(3) Feeding strategically

Simon’s cows are grass fed as much as possible. Depending on the weather, they graze outside from February to mid November. During heavy rainfall, Simon uses on-off grazing method to reduce damage to soil and prevent his cows from ‘wrecking the paddock’. He also questions the economics of very high stocking rates, which rely on drawing silage/grass from other farms or large amounts bought in feeds. Simon believes this may overload the milking platform with slurry, not to mention the extra workload often involved in this.

When it comes to feeding, Simon follows a philosophy of John Roche – a New Zealand dairy consultant - who spoke at the Irish Grassland Association Dairy Conference three years ago.  On feeding, Roche said: ‘Be careful that you’re turning milk into money and not money into milk.’

(4) Selecting the Right Breed

Simon believes that selecting the right breed of cow is critical to any system. Farmers often mention that they want a grass cow, but what Simon often sees on farms is not what is required to graze grass in his opinion. He has a herd of Jersey/Friesian crossbreds on his farm and is very pleased with their performance within his system.  Breeding focuses on milk solids – and protein in particular – because that’s what he gets paid for.

ORIGIN GREEN – A VITAL MARKETING TOOL

Simon is one of 400 suppliers to Tipperary Co-op - an exporter of butter, milk powder, baby powder, and Emmental and Kilderry cheese. Simon believes that Origin Green is a vital marketing tool. “We have to have something different to everyone else and Origin Green is a way of doing that”.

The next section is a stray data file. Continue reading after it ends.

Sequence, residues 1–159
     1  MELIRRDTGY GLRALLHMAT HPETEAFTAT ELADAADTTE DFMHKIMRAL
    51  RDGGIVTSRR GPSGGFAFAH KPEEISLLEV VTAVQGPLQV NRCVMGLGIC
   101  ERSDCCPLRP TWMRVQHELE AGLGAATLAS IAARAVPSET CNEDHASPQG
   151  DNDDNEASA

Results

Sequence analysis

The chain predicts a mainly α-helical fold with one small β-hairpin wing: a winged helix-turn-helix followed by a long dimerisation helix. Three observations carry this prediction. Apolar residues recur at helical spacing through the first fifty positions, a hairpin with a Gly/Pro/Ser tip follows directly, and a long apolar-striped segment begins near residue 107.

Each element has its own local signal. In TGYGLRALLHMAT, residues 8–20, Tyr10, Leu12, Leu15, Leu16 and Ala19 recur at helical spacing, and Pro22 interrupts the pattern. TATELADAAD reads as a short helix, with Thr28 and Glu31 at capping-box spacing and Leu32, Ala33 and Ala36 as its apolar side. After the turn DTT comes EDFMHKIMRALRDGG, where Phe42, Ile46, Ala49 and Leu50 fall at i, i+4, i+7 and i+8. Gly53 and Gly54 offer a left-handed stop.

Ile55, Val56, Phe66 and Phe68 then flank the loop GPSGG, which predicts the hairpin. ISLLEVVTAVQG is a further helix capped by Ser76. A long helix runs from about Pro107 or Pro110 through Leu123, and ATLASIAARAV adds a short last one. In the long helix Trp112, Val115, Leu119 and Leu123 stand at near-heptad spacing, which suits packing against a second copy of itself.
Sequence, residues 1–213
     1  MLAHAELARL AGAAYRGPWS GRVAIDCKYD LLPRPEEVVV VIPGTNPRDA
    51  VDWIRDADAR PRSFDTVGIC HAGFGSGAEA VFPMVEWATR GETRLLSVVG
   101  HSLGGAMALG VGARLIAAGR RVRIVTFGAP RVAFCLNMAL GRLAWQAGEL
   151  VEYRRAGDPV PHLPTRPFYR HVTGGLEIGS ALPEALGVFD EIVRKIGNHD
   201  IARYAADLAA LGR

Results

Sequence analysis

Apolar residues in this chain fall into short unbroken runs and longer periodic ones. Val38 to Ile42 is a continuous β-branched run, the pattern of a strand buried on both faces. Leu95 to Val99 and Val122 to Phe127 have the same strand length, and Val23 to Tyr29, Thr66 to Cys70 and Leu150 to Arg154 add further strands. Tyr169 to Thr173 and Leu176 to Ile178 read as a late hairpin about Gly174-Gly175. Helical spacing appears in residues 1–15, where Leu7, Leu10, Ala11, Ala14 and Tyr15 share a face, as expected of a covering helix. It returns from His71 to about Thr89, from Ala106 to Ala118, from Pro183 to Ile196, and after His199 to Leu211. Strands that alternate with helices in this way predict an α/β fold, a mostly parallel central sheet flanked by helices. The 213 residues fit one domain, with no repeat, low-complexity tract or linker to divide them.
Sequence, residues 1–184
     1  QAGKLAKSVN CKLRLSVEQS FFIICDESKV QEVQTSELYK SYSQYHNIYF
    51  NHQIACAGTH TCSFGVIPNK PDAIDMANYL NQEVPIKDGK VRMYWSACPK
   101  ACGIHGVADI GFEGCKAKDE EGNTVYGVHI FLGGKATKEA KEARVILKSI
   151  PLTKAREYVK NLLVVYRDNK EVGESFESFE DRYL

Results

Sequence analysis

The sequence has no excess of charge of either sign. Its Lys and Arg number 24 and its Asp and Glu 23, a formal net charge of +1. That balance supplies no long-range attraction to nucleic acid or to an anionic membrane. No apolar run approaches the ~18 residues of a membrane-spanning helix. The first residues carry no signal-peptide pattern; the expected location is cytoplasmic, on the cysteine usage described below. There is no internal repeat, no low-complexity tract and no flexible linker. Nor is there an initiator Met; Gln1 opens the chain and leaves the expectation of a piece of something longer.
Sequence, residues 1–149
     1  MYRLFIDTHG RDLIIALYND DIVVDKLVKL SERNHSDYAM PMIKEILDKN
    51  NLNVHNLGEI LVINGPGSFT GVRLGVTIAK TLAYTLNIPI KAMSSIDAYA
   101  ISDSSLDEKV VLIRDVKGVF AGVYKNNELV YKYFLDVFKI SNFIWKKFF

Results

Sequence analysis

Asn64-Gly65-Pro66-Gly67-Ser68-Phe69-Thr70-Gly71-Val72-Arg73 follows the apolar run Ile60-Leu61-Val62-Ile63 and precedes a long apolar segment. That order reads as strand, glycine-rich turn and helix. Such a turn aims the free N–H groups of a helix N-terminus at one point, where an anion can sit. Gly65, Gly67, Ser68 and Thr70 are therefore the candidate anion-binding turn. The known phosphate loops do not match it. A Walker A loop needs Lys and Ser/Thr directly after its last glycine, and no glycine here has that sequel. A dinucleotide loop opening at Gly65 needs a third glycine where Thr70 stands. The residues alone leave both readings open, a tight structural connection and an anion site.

Simon is part of a dairy group (Dairymis) of about 20 farmers, which also provides him with invaluable support and insight.

“It’s a great way to benchmark your performance. We compare everything from productivity, production costs, labour efficiencies, grass production, fertility and more. They are a critical group but it is always in a constructive way,” he says.

For the last number of years, Simon and his wife Carol have worked in partnership with his parents Peter and Sheila. This year Simon’s parents made the decision to pass the remainder of the milking platform over to them. “I’ve taken the basics that I learned from my parents and I’ve added my own experience, research and ambition and moulded it into the farm we have now”.

Simon has the benefit of having spent some time working on farms in New Zealand as well as a stint on a farm in France as part of his course, returning home in 1997. “There wasn’t enough at home then for me to make a living, so I worked at everything from farm relief to welding, working on neighbours’ farms and as an AI technician with Eurogene AI Services for about 15 years”.

It was around that time that Simon joined the Macra club Sologhead.  This is where he met Carol, daughter of former IFA deputy president Michael Slattery, who was a member of Clonoulty/Rossmore club.  They married in 2007.  Two years later they built a home back on the family farm in Emly where they now live with their three children - Julia aged seven, Sarah aged six and Peter who is 18 months.

Simon is certainly someone who soaks up information on how to improve efficiencies on his farm. The farm needs to generate a large profit and Simon is making a good fist of it.   He makes no apologies for the fact that he has a family to support and a business to run.

“It’s all about measurement and analysis now. You need to know your figures and you need to accept that when it comes to dairy cows it’s not a sprint, it’s a marathon,” he adds.

 

Simon Breen with his parents Sheila and Peter.